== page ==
I’ve always be thankful for some of the wording in I Corinthians 16: “Watch, stand fast in the faith, be brave, be strong. Let all that you do be done with love (13-14).”
Since I’m a little slow of foot, I don’t run much; but, I’m a Gold Medal winner when it comes to standing. If Paul would have said “run fast,” I’d be in serious trouble.
The word stand is grēgoreō, and it means “to be vigilant and attentive.” There are several things that demand your attention, and Peter issues a warning about two of them. One is pride and the other one is the adversary:
God resists the proud, but gives grace to the humble’. So, humble yourselves under God’s strong hand, and in his own good time he will lift you up. You can throw the whole weight of your anxieties upon him, for you are his personal concern. Resist the devil: you are in God’s hands.
Be self-controlled and vigilant always, for your enemy the devil is always about, prowling like a lion roaring for its prey. Resist him, standing firm in your faith.
What is the link between the pride and the adversary? In the Proverbs, pride is listed as one of the seven deadly sins, and it’s characterized as a “My way, not Thy way” attitude. This was the case when Lucifer rebelled against God:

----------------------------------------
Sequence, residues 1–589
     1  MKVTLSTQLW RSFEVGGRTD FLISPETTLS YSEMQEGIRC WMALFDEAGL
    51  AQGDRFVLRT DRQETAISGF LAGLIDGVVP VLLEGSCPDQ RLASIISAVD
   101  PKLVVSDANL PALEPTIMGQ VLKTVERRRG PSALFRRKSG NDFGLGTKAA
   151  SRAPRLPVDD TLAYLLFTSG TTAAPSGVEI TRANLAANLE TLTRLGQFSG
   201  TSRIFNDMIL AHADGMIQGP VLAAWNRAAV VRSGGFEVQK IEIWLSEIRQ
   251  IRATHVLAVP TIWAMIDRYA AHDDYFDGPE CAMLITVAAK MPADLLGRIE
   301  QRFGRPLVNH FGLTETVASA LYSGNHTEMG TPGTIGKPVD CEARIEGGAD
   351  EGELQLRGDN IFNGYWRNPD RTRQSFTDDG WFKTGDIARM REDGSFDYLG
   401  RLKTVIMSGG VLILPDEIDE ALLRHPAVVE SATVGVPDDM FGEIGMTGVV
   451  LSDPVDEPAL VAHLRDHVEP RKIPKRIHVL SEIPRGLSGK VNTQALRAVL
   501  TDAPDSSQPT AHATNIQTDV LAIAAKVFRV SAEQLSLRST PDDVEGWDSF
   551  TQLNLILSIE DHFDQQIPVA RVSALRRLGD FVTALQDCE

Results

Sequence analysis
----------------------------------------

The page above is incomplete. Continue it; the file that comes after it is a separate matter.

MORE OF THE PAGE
“I will ascend to heaven; I will raise my throne above the stars of God; I will sit enthroned on the mount of assembly, on the utmost heights of the sacred mountain. I will ascend above the tops of the clouds; I will make myself like the Most High(Isaiah 14:13-14).”
To borrow a phrase from Zig Ziglar, this is “stinkin thinkin,”and Paul warned of it: “I tell everyone among you not to think of himself more highly than he should think. Instead, think sensibly, as God has distributed a measure of faith to each one (Romans 12:3).”
Pride is thinking too highly of yourself, and it always separates you from God. The Bible says, “In his pride the wicked does not seek Him; in all his thoughts there is no room for God (Psalm 10:4).
C.S. Lewis defined pride as, “the complete anti-God state of mind.”
Instead of trying to lift yourself up in the false bravado of pride, humble yourself before God, and He will lift you up. This is one of several paradoxes of Christianity:
- To find, you must lose—Matthew 10:39
- To receive, you must give—Luke 6:38
- To be exalted, you must be humble—Matthew 23:12
- To be great you must be small—Matthew 18:4
- To be strong, you must be weak—2 Corinthians 12:9,10
- To rule, you must serve—Mark 10:42-45
- To live, you must die—Galatians 2:20
The key to this is found in the last nine words of I Corinthians 16: “Watch, stand fast in the faith, be brave, be strong. Let all that you do be done with love (13-14).”
Paul’s “key” was a statement, but you might understand it better in the form of a question: Who do you love the most, self or the Savior?